Arthur Fellig, aka “Weegee” (1899-1968), was best known as the premier crime-news photographer of his time and, more specifically, for originating candid photojournalism and for his stark, lurid, unsettling, and often dystopic urban street photographs, principally the images he created in New York in the years before the end of WWII. Self-taught with no formal training – he described himself as “a primitive with a camera” – he developed his signature style by following the city’s emergency services and documenting their activities. Much of his work depicted unflinchingly realistic scenes of urban life, crime, injury and death, and his unique “blood in the gutter” style and the almost sacred squalor that he brought to his photographs caused his work to be seen as the epitome of both tabloid journalism and high art, a most improbable combination.
Much as Roman Vishniac captured life in Eastern Europe in the years before World War II, Weegee can be seen as the portraitist of a vanished world, as his iconic photographs of New York constitute an extraordinary chronicle of the city during the 1930s and 1940s. He virtually created nighttime noir and his work was mostly the result of his nocturnal photographic wanderings, as he focused on nightlife and familiar late-night hangouts like bars, restaurants, nightclubs, and cabarets. His photographs were distinctive for their stark lighting that often rendered his subjects as eerie specters in the night.
Squat, portly, disheveled, unshaven, wearing a crumpled fedora and chomping on an ever-present cheap cigar, the unflappable Weegee created the caricature of the hardened news photographer. He quickly found extraordinary, almost supernatural, success in arriving at newsworthy scenes before police, firemen and medical crews, and, even before he became the only New York freelance newspaper photographer with a permit to use a portable police-band shortwave radio in 1938, he always managed to beat other members of the press to the scene.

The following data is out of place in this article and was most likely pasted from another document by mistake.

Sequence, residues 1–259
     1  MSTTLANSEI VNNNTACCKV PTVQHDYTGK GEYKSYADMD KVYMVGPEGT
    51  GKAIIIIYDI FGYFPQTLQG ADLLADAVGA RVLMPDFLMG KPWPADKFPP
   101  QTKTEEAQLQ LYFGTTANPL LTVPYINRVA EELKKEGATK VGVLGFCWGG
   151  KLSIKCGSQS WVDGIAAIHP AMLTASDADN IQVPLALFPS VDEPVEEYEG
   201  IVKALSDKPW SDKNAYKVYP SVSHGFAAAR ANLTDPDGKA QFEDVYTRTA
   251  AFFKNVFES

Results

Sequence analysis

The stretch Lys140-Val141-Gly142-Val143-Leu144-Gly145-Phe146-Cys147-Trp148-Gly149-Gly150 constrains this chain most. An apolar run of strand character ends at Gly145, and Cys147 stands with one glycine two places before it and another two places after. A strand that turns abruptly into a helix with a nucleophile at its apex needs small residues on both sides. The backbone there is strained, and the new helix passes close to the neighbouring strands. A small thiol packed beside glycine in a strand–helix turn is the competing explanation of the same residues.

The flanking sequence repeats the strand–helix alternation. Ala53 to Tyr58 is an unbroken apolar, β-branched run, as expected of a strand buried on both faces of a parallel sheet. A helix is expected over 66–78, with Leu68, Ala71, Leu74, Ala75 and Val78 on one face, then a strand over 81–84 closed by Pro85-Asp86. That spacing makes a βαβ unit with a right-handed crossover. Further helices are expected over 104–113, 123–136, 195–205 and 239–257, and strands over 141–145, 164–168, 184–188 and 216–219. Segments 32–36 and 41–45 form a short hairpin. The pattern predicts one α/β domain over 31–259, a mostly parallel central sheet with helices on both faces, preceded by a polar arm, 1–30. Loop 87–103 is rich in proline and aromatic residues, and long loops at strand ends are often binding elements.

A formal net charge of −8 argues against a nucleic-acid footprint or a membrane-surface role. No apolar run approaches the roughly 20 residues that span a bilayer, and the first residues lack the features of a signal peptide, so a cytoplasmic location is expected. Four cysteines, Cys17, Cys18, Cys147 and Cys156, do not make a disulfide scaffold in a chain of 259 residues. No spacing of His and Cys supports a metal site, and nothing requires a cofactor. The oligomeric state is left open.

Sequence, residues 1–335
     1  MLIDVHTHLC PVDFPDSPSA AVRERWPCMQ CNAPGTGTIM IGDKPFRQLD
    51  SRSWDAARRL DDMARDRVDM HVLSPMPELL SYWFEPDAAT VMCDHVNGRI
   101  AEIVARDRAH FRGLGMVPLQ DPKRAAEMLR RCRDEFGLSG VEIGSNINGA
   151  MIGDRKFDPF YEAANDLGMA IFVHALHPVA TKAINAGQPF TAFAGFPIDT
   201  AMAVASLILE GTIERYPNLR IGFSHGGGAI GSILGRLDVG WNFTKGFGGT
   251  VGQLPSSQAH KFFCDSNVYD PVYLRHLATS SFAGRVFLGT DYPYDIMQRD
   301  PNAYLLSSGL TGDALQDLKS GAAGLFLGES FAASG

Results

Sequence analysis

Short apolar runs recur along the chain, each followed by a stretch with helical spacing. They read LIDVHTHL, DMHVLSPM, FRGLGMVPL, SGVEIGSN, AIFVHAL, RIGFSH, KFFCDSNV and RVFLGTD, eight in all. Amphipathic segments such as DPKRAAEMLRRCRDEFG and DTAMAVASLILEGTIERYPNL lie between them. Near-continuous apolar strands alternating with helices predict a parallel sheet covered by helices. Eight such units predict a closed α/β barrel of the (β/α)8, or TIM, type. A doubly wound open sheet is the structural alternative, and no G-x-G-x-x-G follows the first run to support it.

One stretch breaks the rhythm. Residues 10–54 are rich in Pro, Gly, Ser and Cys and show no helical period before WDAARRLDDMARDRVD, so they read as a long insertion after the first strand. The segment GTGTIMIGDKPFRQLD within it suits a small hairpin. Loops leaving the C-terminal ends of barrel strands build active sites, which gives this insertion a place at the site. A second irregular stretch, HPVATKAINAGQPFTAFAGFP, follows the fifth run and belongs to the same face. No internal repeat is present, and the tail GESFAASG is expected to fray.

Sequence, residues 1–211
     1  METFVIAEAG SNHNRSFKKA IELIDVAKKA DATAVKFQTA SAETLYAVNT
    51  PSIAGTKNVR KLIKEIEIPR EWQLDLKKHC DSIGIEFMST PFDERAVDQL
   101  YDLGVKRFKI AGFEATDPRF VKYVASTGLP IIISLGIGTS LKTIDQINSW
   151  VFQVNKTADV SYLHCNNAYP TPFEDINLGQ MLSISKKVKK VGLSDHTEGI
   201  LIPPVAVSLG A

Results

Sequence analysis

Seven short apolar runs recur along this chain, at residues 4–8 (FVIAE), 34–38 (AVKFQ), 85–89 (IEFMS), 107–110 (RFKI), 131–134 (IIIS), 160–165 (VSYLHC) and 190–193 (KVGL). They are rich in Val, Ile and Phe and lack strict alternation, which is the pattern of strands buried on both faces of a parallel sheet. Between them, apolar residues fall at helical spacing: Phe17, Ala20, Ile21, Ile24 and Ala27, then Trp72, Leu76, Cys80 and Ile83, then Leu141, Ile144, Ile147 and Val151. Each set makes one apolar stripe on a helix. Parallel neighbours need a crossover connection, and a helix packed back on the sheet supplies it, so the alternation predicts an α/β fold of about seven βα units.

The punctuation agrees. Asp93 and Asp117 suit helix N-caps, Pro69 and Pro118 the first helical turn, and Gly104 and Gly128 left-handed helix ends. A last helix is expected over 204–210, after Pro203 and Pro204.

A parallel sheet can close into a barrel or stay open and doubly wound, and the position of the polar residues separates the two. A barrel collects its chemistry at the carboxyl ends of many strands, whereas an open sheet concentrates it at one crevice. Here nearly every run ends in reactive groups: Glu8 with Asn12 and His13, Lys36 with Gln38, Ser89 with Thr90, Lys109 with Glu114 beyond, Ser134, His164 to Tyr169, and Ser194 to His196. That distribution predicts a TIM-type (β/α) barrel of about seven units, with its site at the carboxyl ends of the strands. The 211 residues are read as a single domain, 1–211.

Weegee exhibited incredible range, as his subjects included police, criminals and crime victims, passers-by and witnesses, drunks and drug users, bookies and con men, freaks, the homeless, politicians, and celebrities. His brutally spontaneous photographs included both horror and tender shots of people uplifted by everyday life, but all his pictures were chronicles of truth, warts and all, from which he never flinched. He was the first crime photographer to take shots of crowds gathering at murder scenes; perhaps his best-known example of this genre is Balcony at a Murder (see exhibit), which was published in Life magazine and shows people looking out at a murder scene from the windows of their Prince Street apartments.
Although the greatest emphasis of his work was on crime, Weegee was also able to capture the affluence of New York’s wealthier neighborhoods, and his photographs would often highlight the disparity between rich and poor and hold the well-heeled up to an unflattering light. In “The Critic” (see exhibit), undoubtedly one of his best-known photographs, he depicts a shabby, disheveled, and angry-looking street woman glaring at two society grandes dames clad in their finery as they arrive at the Metropolitan Opera celebration of its 60th anniversary. The photo, which Weegee’s assistant later claimed was staged (Weegee denied this), became one of Russia’s favorite propaganda tools, which it used to demonstrate the appalling class distinctions that characterized American decadent society. The mass-produced photos were dropped from Axis planes above Allied forces fighting in Italy with the caption “GIs, is this what you’re fighting for?”
In addition to his photographic skills, Weegee was a gifted storyteller who was able to communicate in a visual language that was understood by an entire range of audiences, from tabloid readers to purveyors of high art. With an inherent and finely tuned sense of “what sells,” he began by hawking his photographs to tabloids and photographic agencies but, after attaining great success, he sold to mainstream newspapers, including the New York Daily News; New York Post; the Sun; the New York Journal American; PM Weekly, which put him on retainer for several years; and the World-Telegram, which became the first publication to credit him for his photographs. He also sold to upscale publications, including Life and Look, and he earned editorial assignments from magazines such as Vogue.